Are we underestimating the frequency at which bonobos choose to devour meat? It might seem like a stretch, but according to the results of a study just recently published in the journal Folia Primatologica, it certainly seems to be so.
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An international team of researchers led by the University of Oregon spent approximately six months exploring the Lomako Forest in the Democratic Republic of the Congo in 2017, and while they were out on their excursion, they learned that bonobos eat meat just as frequently as the common chimpanzee.
"Bonobos are a type of chimpanzee, and we are continuing to assess the differences between these different species," explained Colin Brand, a co-author of the study. "We are finding a lot of similarities and some key differences. Meat-eating seems to be a similar behavior of both species in terms of the rate at which they do it."
Bonobos differ from the common chimpanzee in several ways, including their behavior, natural distribution, and physical characteristics, but it now seems that they might have more in common than previously thought.
Being that bonobos are female-dominated and endemic to the Lomako Forest, it has long been assumed that the species prefers an herbivorous diet over a carnivorous one. On the other hand, the researchers witnessed bonobos eating meat almost as frequently as common chimpanzees, which differ in that they’re male-dominated and exist throughout Africa.
Scientists have known for quite some time that bonobos will eat birds and monkeys, among other things, but they simply didn’t think it was as regular of an occurrence for bonobos as it was in the common chimpanzee. The researchers were pleasantly surprised, however.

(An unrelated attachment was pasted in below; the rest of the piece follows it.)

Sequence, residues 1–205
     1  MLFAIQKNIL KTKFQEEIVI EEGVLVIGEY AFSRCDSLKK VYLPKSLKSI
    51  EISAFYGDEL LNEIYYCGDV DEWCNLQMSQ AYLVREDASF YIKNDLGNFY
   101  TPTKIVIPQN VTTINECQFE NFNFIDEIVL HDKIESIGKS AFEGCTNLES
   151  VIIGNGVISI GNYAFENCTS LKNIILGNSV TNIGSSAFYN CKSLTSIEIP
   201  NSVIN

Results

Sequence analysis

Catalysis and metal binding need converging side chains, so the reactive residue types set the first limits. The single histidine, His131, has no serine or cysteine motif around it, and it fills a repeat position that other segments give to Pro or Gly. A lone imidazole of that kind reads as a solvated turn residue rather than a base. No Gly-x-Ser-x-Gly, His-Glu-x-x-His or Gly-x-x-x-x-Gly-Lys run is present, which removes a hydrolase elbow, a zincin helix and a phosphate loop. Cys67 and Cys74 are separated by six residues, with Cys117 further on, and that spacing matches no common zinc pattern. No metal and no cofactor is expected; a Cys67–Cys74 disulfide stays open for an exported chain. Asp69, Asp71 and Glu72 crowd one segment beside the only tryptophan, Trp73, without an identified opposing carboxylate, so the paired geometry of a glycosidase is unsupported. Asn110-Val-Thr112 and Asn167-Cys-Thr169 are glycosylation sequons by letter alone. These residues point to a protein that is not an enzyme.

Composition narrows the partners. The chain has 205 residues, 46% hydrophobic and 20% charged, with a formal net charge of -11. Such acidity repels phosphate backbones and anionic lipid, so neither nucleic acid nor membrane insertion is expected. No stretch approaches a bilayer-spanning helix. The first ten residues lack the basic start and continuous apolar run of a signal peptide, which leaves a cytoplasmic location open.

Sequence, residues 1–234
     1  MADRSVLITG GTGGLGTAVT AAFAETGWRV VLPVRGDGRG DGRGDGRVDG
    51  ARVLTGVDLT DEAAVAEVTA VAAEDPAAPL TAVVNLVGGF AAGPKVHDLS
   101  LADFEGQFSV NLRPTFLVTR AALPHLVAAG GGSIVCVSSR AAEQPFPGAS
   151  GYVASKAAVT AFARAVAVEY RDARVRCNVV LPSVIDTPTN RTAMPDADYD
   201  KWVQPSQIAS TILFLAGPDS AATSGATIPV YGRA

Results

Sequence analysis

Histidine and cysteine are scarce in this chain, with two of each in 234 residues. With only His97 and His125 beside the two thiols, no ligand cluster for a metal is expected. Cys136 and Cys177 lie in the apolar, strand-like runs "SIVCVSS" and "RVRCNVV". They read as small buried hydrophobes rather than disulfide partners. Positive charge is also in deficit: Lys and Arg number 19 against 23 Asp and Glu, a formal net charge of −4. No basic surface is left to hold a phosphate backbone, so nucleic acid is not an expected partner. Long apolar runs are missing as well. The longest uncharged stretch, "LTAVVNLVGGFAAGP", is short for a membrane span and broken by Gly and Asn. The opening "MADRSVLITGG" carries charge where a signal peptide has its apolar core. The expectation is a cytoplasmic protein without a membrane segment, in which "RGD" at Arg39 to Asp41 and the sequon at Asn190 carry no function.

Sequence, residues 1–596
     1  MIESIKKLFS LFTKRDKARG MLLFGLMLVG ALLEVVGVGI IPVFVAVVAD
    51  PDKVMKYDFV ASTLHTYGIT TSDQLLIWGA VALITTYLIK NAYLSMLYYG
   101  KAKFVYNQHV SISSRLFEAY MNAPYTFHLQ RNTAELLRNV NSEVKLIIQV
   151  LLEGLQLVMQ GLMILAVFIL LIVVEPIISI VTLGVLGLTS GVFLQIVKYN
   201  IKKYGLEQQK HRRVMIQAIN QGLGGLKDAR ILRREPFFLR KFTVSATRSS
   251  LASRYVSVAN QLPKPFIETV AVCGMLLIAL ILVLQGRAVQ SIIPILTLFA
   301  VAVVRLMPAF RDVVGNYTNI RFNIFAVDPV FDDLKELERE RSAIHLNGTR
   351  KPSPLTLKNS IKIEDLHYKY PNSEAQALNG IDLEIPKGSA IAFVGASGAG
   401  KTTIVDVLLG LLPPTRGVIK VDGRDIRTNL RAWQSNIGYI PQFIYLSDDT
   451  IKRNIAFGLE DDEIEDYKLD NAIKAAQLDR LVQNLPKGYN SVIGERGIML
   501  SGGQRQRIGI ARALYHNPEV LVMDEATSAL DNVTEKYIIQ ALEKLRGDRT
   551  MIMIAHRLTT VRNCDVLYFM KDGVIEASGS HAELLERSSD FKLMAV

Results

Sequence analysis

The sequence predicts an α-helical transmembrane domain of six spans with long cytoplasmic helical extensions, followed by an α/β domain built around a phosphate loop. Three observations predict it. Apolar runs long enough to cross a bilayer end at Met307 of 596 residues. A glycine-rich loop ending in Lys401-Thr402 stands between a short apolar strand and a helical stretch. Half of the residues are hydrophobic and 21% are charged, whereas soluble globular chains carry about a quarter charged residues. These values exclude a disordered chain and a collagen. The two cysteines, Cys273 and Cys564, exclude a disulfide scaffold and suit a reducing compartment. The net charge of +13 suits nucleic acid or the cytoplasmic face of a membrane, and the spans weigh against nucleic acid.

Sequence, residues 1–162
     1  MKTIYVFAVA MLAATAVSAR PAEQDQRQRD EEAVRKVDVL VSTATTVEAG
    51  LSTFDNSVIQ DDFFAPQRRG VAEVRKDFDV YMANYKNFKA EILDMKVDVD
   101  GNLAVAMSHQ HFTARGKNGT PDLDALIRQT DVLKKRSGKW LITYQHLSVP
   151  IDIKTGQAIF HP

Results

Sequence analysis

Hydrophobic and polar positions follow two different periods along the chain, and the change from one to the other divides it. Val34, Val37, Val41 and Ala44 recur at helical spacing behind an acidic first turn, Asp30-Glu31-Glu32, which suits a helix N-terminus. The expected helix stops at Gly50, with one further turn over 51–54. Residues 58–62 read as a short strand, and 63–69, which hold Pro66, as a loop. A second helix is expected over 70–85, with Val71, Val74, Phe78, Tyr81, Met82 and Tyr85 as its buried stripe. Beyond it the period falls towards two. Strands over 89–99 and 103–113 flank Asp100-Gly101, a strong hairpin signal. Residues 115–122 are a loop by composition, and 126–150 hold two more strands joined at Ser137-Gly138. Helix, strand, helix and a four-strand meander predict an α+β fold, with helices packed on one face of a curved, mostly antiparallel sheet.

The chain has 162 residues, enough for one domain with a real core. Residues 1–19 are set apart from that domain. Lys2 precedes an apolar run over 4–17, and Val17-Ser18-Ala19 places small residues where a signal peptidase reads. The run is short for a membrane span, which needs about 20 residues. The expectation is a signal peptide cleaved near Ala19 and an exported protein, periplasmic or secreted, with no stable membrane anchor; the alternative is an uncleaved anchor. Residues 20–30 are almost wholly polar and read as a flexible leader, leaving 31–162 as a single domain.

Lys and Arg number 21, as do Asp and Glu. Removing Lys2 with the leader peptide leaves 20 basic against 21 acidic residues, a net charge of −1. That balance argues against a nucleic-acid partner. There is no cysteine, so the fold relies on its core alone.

As it would seem, Weyn’s duikers are one of the bonobos’ favorite snacks, and females dominate the carcass. The researchers noticed that the females didn’t like it very much when males tried to get in on the feeding; they became aggressive toward adult males, only permitting younger males to feed on the kill.
"People often think of bonobos as hippy apes, that they make love, not war," said another of the study’s co-authors Frances White. "That's fine at some level, but it also is a gross miscategorization. In general, it doesn't pay to be aggressive for bonobos, but when it does, they can be just as aggressive as chimps."
White went on to explain that bonobo behavior and feeding activities depends on the location, as food availability differs from one region to the next and hungry bonobos are certain to be opportunistic. Perhaps the most important takeaway here is that bonobos aren’t calm alternatives to common chimpanzees, but instead, they’re just as aggressive, if not more so, when the time is right.
Given all the misconceptions that seem to exist regarding bonobos, the findings should be an excellent motivator for future studies intending to delve into their behavioral characteristics. Who knows; perhaps we’ll learn something new about the species that we don’t already know.